Necessity as a (contentious) element of world trade law
The requirement that a measure should not be more trade-restrictive or burdensome than necessary to achieve a specific goal is a central, but contentious element of the multilateral trading system. Two functionally different contexts of a necessity test need to be distinguished: necessity can be part of the requirements of an exception clause, such as Article XX GATT. In this case, necessity only becomes relevant for the justification of a measure, which would otherwise be GATT-inconsistent. This context is the traditional sedes materiae of necessity and has been part of the world trading system since 1948. More recently, and especially with the entry into force of the WTO Agreement, necessity tests have also been integrated in positive obligations, in particular in the TBT and SPS Agreements. Necessity tests are not restricted to the multilateral trading system. In various degrees, they can also be found in exception clauses and positive obligations of regional integration and bilateral trade agreements.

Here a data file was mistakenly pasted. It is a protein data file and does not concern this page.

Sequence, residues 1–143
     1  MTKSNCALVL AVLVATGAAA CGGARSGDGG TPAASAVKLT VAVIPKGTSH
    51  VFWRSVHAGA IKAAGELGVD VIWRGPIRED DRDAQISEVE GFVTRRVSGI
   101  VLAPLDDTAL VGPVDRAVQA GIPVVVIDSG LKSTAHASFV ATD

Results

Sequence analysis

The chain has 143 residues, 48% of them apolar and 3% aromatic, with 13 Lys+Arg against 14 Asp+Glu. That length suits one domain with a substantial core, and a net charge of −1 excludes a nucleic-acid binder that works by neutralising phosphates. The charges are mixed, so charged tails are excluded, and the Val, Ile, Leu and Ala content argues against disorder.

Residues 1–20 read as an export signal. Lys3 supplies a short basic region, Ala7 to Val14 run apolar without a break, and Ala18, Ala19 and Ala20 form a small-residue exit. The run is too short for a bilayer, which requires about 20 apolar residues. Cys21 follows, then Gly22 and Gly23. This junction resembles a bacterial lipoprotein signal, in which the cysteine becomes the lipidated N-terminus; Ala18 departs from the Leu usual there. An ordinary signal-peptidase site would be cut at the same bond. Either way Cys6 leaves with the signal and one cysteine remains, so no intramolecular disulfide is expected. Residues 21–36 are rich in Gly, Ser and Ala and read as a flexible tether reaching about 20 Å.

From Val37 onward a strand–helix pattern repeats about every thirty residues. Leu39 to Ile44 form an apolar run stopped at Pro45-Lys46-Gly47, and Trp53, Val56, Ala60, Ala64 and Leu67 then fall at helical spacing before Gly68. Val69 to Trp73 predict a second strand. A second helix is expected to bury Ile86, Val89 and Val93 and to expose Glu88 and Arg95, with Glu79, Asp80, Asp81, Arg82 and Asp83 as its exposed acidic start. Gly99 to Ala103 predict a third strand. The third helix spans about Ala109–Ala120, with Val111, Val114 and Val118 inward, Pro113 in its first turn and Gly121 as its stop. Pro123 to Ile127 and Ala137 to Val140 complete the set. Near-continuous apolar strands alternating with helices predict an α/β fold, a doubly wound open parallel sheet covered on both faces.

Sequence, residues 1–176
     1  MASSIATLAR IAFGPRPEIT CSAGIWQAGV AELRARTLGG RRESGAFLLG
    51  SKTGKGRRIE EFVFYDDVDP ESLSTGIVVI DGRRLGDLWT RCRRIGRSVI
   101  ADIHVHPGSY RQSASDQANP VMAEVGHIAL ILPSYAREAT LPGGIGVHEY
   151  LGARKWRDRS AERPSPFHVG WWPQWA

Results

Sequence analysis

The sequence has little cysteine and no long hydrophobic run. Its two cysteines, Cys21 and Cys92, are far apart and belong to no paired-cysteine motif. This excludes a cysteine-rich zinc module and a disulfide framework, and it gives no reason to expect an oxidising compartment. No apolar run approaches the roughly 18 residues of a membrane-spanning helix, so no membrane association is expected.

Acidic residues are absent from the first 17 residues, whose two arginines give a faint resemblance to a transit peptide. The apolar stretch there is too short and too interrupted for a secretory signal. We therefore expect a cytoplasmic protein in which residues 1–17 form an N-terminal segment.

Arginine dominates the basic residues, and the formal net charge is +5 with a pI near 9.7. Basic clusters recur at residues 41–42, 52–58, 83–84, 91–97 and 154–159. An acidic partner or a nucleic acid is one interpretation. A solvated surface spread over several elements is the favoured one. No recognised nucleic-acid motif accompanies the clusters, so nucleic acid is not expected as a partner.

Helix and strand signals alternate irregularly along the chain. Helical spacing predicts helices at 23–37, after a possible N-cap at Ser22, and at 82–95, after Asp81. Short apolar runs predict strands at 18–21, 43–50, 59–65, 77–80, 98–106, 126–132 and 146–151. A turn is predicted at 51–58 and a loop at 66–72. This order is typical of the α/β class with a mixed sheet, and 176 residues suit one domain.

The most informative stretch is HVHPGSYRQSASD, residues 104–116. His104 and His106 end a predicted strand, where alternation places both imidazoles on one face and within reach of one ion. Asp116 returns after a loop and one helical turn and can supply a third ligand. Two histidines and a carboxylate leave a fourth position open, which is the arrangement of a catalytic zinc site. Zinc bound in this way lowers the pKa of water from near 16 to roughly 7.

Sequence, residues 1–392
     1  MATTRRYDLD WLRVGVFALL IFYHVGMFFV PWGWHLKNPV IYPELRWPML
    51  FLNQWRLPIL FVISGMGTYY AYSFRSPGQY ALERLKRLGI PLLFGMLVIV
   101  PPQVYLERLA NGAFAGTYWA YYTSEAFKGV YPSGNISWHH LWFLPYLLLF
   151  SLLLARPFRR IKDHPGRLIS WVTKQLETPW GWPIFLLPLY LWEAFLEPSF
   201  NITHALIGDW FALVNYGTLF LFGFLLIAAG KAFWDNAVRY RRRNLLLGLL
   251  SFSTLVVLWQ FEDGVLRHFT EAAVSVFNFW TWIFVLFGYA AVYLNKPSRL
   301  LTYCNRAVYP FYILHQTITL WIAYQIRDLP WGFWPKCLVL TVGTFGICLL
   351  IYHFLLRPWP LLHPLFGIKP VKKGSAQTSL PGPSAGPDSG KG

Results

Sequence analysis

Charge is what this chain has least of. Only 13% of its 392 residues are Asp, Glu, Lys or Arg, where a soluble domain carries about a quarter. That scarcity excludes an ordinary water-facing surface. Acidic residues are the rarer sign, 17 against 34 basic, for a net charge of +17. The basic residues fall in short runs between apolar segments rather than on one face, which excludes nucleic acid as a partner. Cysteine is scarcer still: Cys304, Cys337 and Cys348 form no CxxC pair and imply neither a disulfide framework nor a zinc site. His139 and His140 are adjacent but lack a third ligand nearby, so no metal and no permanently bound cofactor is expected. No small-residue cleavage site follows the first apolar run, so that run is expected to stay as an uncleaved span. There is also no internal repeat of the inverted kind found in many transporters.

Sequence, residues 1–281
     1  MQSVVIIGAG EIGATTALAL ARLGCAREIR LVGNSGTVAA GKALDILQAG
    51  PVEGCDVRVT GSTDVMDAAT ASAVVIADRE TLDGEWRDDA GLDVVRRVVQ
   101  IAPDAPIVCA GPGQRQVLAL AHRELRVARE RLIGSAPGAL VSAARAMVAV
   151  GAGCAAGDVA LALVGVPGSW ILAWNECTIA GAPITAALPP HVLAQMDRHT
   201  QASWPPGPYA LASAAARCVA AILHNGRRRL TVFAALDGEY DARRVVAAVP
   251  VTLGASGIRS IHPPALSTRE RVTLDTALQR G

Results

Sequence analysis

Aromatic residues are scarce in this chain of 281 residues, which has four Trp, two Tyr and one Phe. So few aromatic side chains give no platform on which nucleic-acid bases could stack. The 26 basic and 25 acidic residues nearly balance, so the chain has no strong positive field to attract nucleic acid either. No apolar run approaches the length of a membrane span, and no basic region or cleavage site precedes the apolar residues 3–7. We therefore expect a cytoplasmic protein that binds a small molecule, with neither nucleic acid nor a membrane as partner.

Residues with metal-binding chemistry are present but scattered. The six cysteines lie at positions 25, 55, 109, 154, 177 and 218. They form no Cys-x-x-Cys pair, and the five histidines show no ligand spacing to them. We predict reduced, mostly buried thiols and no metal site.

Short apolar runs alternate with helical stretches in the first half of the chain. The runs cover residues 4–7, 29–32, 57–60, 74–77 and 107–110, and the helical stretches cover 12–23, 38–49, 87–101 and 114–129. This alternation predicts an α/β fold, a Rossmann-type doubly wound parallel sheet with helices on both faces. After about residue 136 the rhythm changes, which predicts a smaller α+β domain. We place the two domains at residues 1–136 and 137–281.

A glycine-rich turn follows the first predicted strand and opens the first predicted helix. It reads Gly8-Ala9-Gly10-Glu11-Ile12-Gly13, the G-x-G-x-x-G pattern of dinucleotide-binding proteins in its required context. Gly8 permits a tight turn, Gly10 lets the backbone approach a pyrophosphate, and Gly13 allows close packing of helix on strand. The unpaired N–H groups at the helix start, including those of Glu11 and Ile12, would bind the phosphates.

The GATS contains references to both types of necessity tests: the general exception clause of Article XIV GATS includes necessity tests which are similar to the ones in Article XX GATT. The necessity test in the negotiating mandate of Article VI:4 GATS envisages a positive requirement. As Panos Delimatsis rightly recalls, this necessity test is a controversial subject of the negotiations on disciplines on domestic regulation in the WTO.